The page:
Haggerty: B's plan to slow down, punish Penguins

Haggerty: B's plan to slow down, punish Penguins
June 1, 2013, 1:00 am
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If the Bruins are to advance to the Stanley Cup Finals, they will need to slow things down against the offensive-minded Penguins, and throw their weight around.

(USA Today Sports Images)

PITTSBURGH – One thing is for certain about the Eastern Conference Finals, the Pittsburgh Penguins will be forced to earn it if they hope to return to the Stanley Cup Finals.

The Bruins and Penguins locking up for their first conference final showdown in 20 years is an intriguing contrast because it pits strength (intense, punishing defensive team) vs. strength (high-powered, skilled offensive team), and will boast some of the most fascinating storylines in any playoff series. The B’s/Pens series will also include many of the marquee match-ups befitting a playoff series between the two most seasoned, experienced, deep, talented teams in the East.

Bergeron vs. Sid the Kid.

Chara vs. Malkin.

Jarome Iginla vs. a Bruins fan base he gave the stiff arm to.

Matt Cooke vs. the rest of the civilized NHL world.

The list goes on and on.

“With Pittsburgh, you’ve got to shutdown more than a few players. I’m going to say even more than three and four [players],” said Claude Julien. “They come in bunches. I think that’s the respect that you have to have for [the Penguins], knowing every time you’re on the ice it’s not going to be an easy shift.

“If you don’t pay attention to your game defensively, it’s going to end up costing you. But if you do [pay attention to defense], you may end up in some good offensive opportunities. Our offense thrives on how good a defense we play. When we turn pucks over, that’s when we become dangerous.”

With the Bruins coach talking about his team being dangerous, it’s pretty clear Boston and Pittsburgh aren’t that far apart to start the series.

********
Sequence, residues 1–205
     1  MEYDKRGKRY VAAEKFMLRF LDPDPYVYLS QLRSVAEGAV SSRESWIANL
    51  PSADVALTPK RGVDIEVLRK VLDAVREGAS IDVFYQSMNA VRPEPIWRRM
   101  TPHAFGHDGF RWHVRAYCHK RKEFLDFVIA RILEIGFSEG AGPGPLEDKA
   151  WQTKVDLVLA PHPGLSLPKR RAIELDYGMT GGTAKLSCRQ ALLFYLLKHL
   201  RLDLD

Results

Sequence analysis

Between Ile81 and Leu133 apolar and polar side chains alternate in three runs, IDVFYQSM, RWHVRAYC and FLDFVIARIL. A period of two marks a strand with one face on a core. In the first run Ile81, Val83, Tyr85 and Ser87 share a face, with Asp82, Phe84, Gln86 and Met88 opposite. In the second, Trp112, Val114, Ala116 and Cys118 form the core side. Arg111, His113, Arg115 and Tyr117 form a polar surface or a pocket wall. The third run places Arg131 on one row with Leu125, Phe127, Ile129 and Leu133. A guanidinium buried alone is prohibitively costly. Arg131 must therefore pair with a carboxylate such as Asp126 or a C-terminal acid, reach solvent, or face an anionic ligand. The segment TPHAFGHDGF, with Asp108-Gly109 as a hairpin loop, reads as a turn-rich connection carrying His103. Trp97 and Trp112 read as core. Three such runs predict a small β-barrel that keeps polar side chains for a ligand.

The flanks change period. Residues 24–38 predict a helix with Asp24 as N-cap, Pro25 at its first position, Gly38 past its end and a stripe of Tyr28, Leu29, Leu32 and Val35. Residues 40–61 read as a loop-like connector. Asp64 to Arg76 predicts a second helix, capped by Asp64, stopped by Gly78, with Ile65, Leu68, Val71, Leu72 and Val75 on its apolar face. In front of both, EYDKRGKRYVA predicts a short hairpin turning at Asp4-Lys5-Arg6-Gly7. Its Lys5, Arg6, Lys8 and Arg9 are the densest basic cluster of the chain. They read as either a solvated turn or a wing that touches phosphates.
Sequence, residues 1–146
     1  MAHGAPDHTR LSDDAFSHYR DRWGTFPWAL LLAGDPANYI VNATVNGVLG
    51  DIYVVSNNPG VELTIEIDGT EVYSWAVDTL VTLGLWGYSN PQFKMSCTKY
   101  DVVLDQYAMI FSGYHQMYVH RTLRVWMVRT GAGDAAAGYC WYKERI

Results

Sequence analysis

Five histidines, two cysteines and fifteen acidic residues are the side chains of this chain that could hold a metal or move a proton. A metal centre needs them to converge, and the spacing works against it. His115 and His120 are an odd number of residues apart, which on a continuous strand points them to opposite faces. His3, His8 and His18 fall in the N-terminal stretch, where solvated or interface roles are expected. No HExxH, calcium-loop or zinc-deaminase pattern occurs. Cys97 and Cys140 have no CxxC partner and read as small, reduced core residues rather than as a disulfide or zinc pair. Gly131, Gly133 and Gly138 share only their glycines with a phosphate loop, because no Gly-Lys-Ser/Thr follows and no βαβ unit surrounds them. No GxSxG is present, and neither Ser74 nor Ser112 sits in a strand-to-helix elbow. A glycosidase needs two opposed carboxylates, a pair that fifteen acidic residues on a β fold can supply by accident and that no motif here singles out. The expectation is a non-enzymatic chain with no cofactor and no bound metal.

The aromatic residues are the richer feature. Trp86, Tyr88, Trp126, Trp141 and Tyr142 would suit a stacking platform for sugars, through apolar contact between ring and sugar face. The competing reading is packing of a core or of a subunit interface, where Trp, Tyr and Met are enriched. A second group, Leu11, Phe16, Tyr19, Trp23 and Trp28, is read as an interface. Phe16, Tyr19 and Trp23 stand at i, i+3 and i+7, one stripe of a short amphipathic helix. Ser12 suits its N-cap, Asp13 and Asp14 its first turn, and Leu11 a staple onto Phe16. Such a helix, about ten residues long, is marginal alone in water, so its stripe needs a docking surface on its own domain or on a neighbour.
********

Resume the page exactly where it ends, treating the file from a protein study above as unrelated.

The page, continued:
The Eastern Conference Finals shouldn’t be a short series as some have boldly predicted entering this weekend’s series opener at the CONSOL Energy Center. But it’s also fairly self-evident the Black and Gold will need to play mistake-free hockey at their highest level to neutralize a confident Pittsburgh team cranking 4.27 goals per game during an impressive playoff body of work.

It’s no joke when the Penguins can roll out a pair of fourth line guys that have been 30-goal scorers in the NHL (Jussi Jokinen and Brenden Morrow), and put together two different power play units full of All-Star caliber players. The Bruins realize the challenge of Pittsburgh’s depth, and have a healthy respect for the level of talent on the Penguins roster while holding plenty of self-respect for their own deep roster.

But, as Dennis Leary says, it’s about grit rather than glitz when it comes to the Bruins.

Things like a strong fore-check and defensive layers certainly aren’t sexy puck topics, but they are unerringly effective for winning hockey during the Stanley Cup playoffs.

“[The Penguins] are a team that wants the puck, and wants to play in the offensive zone,” said Patrice Bergeron. “I think the fore-check is one of the keys. We need to establish that and keep the puck in there, and cause some pressure so they can’t make all of the plays that they want to.

“Sometimes the best defense is to keep the puck on offense.”

One of the big keys to the series will be Bergeron’s effectiveness locking up with Sidney Crosby, and showing him exactly why there’s already a Selke Trophy on his mantle – and another one potentially on the way in a few weeks.